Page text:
Remember to NORMALISE the data!

The parameters are as below:

n_steps = 36 # Number of time steps (thus a = 0 and b = 35, total of 36 months)

n_inputs = 1 # Number of inputs per step (the avg. price for the current month)

n_neurons = 1000 # Number of neurons in the middle layer

n_outputs = 1 # Number of outputs per step (the avg. price for the next month)

learning_rate = 0.0001 # Learning Rate

n_iter = 2000 # Number of iterations

batch_size = 50 # Batch size

I am using TensorFlow’s BasicRNNCell (complete code at the end of the post) but the basic setup is:

X = tf.placeholder(tf.float32, [None, n_steps, n_inputs])
y = tf.placeholder(tf.float32, [None, n_steps, n_outputs])

cell = tf.contrib.rnn.OutputProjectionWrapper(tf.contrib.rnn.BasicRNNCell(num_units = n_neurons, activation = tf.nn.relu), output_size=n_outputs)

outputs, states = tf.nn.dynamic_rnn(cell, X, dtype = tf.float32)

loss = tf.reduce_mean(tf.square(outputs-y))
opt = tf.train.AdamOptimizer(learning_rate=learning_rate)
training = opt.minimize(loss)

saver = tf.train.Saver()

init = tf.global_variables_initializer()

Results:

A sample of 3 runs, using Mean Squared Error threshold of 1e-4 we get the following values for Error:

  1. 8.6831e-05
  2. 9.05436e-05
  3. 9.86998e-05

Run 3 fitting and predictions are shown below:

Orange dots represent the prediction by the RNN and Blue dots represent the actual data

 

Run 3 prediction against existing data 3 years before October 2017

Then we start from October 2017 (Month 24 in figure below) and forecast ahead to October 2018. This predicts a rise in average prices which start to plateau 3rd quarter of 2018. Given that average house prices across a country like UK are determined by a large number of noisy factors, we should take this prediction with a pinch of salt.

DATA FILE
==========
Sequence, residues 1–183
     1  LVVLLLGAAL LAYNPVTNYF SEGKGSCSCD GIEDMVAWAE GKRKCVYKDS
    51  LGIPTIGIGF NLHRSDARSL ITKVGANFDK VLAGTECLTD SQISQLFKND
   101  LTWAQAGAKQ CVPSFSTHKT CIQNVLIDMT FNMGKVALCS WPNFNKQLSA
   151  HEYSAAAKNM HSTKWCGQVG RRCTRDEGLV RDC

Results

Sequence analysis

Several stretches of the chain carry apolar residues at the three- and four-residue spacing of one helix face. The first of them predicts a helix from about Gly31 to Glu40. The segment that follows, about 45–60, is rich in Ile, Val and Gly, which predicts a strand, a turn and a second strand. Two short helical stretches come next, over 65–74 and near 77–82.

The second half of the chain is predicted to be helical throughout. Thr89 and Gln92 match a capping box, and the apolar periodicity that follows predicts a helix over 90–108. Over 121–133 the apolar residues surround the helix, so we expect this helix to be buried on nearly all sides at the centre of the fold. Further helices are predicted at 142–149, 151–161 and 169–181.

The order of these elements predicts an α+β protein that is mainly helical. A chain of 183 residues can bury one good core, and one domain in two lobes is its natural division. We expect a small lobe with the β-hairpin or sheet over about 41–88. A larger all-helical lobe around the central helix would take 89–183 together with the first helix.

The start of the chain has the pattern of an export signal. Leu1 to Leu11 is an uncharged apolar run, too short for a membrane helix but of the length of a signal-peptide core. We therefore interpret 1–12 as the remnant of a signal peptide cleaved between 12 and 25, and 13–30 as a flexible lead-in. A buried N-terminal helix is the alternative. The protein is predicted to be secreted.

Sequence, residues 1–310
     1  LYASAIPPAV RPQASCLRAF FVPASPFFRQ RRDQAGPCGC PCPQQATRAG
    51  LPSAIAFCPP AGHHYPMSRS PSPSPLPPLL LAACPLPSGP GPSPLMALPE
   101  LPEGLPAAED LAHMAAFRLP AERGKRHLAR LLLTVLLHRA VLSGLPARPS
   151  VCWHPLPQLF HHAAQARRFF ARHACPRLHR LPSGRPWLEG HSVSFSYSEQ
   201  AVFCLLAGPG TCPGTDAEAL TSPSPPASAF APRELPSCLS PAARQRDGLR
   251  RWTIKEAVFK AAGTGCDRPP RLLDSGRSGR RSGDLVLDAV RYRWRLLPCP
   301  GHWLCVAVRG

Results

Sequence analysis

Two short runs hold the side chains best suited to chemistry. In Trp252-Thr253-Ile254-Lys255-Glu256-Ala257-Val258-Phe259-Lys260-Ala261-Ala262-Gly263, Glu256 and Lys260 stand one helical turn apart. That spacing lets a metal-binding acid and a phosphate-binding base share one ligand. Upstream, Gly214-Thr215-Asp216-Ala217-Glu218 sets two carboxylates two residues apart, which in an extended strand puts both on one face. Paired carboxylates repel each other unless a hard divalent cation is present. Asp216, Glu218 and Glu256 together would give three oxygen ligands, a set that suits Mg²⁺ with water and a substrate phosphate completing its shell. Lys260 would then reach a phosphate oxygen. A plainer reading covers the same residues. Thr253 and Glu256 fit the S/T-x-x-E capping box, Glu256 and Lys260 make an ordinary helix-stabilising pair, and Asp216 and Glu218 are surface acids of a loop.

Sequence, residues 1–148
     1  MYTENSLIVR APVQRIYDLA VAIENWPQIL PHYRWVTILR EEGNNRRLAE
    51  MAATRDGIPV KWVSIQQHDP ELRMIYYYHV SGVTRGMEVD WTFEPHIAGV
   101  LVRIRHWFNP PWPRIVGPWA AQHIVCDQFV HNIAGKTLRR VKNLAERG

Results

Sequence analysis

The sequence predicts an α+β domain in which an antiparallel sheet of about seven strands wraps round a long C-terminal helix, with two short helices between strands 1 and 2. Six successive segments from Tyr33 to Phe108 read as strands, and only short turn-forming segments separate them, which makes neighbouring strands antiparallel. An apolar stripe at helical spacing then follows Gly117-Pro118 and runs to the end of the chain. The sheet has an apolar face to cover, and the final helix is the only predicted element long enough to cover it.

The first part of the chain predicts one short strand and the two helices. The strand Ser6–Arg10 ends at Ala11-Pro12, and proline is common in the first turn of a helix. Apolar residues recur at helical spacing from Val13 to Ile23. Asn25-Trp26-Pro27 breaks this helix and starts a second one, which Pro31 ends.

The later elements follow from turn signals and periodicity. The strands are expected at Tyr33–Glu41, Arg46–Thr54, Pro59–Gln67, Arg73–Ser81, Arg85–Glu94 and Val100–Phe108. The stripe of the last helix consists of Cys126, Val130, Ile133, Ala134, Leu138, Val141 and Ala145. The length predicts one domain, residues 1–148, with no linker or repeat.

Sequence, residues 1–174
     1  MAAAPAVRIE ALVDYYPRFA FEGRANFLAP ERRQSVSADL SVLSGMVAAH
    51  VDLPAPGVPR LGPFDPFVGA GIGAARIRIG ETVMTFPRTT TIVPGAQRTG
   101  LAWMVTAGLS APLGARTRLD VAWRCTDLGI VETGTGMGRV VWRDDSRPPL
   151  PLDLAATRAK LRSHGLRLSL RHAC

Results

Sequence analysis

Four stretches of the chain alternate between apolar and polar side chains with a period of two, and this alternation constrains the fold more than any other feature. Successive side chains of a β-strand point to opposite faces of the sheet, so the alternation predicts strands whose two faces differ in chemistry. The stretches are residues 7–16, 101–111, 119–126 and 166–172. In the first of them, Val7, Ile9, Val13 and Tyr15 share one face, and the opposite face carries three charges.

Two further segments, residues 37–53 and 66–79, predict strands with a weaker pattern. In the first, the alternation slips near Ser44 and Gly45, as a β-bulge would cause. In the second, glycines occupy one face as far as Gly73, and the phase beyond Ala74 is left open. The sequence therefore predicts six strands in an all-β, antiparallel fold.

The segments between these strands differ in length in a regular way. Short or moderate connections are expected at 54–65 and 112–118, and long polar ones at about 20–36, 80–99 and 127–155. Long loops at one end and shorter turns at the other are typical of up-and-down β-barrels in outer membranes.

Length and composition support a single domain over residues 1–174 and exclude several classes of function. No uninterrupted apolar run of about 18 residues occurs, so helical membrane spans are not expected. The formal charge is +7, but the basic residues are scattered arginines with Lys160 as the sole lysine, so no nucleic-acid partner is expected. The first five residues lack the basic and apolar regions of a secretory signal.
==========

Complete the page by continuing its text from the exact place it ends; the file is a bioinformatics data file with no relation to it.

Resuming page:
Run 3 Forecasting from Month 24 (October 2017 for the year ahead till October 2018)

A sample of 3 runs, using Mean Squared Error threshold of 1e-3 we get the following values for Error:

  1. 3.4365e-04
  2. 4.1512e-04
  3. 2.1874e-04

With a higher Error Threshold we find when comparing against actual data (Runs 2 and 3 below) the predicted values have a lot less overlap with the actual values. This is expected as we have traded accuracy for reduction in training time.

predicted avg price vs actual avg price (Run 2)

predicted avg price vs actual avg price (Run 3)

Projections in this case are lot different. We see a linearly decreasing avg price in 2018.

predicted avg price vs actual avg price with forecast

Next Steps:

I would like to add more parameters to the input – but it is difficult to get correlated data for different things such as interest rates, inflation etc.

I would also like to try other types of networks (e.g. LSTM) but I am not sure if that would be the equivalent of using a canon to kill a mosquito.

Finally if anyone has any ideas on this I would be happy to collaborate with them on this!

 

Source code can be found here: housing_tf

Contains HM Land Registry data © Crown copyright and database right 2017. This data is licensed under the Open Government Licence v3.0.